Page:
Objective Revascularisation of the left anterior descending (LAD) artery with a left internal mammary artery (LIMA) graft is often cited as the main benefit of surgery over stenting. Little is known about patients undergoing coronary artery bypass grafting (CABG) who do not receive a graft to their LAD.
Methods We retrospectively reviewed our experience over a nine year period for patients undergoing coronary artery bypass grafting who did not receive a graft to the LAD. Patients undergoing any concomitant procedure aside from CABG were excluded. The National Death Registry was accessed for survival data.
Results Full data was available on 91 patients, 14 of which had previous cardiac surgery. This represented 2% and 25% of our total CABG and redo CABG caseloads respectively. Mean logistic EuroSCORE was 5.9 and in-hospital mortality 3.2%, with O/E mortality 0.54. Reasons for lack of LAD graft and outcomes are shown below.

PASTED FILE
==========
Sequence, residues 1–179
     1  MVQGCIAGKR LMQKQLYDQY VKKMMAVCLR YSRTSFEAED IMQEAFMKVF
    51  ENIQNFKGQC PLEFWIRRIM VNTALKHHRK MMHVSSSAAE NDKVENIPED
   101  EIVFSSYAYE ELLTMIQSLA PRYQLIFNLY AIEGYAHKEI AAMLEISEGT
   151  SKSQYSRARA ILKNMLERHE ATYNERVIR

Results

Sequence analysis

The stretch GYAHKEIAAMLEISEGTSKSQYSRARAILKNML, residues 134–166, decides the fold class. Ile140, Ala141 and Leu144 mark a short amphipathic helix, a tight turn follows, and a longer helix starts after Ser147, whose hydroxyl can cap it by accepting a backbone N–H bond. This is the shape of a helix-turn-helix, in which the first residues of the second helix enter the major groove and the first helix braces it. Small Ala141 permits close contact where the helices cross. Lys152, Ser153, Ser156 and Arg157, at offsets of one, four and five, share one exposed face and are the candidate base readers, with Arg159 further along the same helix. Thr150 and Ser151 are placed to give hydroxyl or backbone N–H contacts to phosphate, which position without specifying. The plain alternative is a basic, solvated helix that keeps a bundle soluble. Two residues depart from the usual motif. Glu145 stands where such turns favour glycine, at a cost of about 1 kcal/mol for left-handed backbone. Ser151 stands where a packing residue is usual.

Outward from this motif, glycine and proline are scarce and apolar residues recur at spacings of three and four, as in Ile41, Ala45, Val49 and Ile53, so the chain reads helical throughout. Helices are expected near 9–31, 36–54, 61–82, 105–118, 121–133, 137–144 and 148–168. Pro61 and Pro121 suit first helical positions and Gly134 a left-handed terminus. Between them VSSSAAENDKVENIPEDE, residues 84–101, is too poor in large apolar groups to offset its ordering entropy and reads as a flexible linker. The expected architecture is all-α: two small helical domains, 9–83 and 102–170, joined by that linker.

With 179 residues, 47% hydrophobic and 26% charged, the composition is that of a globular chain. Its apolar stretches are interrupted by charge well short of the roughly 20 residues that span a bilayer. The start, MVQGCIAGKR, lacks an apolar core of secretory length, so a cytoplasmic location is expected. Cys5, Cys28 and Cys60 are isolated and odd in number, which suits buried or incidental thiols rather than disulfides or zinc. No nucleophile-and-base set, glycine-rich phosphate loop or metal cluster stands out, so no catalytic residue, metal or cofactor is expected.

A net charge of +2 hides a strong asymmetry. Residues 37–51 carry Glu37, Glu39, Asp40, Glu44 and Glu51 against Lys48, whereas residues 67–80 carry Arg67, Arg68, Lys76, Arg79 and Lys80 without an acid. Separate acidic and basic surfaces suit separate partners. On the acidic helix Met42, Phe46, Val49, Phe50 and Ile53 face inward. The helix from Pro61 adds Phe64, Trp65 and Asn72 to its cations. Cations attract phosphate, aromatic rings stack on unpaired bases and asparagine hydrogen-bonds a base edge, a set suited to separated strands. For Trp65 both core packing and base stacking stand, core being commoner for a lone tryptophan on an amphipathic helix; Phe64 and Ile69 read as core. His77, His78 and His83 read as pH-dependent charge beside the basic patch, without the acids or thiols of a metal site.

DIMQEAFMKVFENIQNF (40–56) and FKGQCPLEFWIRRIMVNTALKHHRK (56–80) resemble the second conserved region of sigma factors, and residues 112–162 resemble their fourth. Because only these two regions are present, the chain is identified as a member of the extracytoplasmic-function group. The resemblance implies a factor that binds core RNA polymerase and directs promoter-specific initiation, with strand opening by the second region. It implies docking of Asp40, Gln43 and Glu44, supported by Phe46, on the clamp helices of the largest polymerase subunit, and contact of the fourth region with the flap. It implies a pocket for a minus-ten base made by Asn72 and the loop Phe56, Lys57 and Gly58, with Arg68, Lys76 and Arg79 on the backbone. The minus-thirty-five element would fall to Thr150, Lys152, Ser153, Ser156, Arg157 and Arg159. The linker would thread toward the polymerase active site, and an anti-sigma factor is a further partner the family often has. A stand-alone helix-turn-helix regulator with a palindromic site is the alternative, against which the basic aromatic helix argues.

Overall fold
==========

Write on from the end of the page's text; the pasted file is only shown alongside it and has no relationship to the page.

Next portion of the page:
Conclusion One in fifty patients undergoing isolated CABG do not receive a graft to their LAD artery. Although the peri-operative mortality is acceptable, the patient group with ungraftable LAD disease (82% of which had three vessel coronary disease) has a 5 year survival almost identical to those with complex disease randomised to PCI in the SYNTAX trial (80.8%). This suggests that depending each clinical situation, either treatment can be justified, but surgery does not seem to offer a prognostic benefit over stenting.
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